Efforts by the Government of Indonesia in
expanding the health infrastructure were instrumental in helping the EPI
programs reach the UCI targets. The
health infrastructure features an extensive service delivery network down
to the village. At the sub-national
level, the structure is jointly managed by Ministry of Health (MOH) and
Ministry of Home Affairs (MOHA).
Primary health care in Indonesia
extends from static and mobile health centers to community-based health
services involving community workers at the village level called
cadres. The Integrated Village Posts
(posyandu) were first established in 1984 to
provide five basic preventive cares services including immunization. Routine immunization services are
provided by approximately 7,800 health centers, 22,000 sub-health centers
and 6,600 mobile clinics in addition to public and private hospitals. At the community level, over 50,000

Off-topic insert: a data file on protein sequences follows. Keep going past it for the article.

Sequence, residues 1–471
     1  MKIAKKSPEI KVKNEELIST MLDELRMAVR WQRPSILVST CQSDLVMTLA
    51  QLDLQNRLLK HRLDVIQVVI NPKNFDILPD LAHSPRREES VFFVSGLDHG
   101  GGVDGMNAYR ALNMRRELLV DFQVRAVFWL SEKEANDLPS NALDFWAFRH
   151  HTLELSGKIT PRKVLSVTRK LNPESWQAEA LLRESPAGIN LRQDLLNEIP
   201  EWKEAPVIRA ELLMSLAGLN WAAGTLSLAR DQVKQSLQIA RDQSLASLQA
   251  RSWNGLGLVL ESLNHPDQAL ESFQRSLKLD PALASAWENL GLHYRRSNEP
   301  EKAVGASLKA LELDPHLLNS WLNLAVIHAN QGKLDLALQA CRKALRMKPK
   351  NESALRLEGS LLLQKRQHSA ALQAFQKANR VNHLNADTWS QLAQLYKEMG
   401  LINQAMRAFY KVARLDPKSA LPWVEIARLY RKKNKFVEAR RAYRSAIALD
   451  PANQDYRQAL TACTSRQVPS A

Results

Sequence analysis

village midwives supervised around 260,000 posyandu
in providing routine immunization.
All routine EPI
vaccines are manufactured locally by companies that have met WHO
prequalification standards and financed by the Indonesian government. An exception to this arrangement is GAVI
supported new vaccine introduction.
having a strong commitment to EPI programs, the government of Indonesia
has met with some recent challenges.
The change of government during the late 1990’s, the South East
Asian financial crisis, and global economic factors put considerable strain
on the primary health care infrastructure.
Nevertheless, in keeping with both national & global disease
reduction goals, the Government of Indonesia has emphasized its commitment
to immunization programs as a priority public health intervention.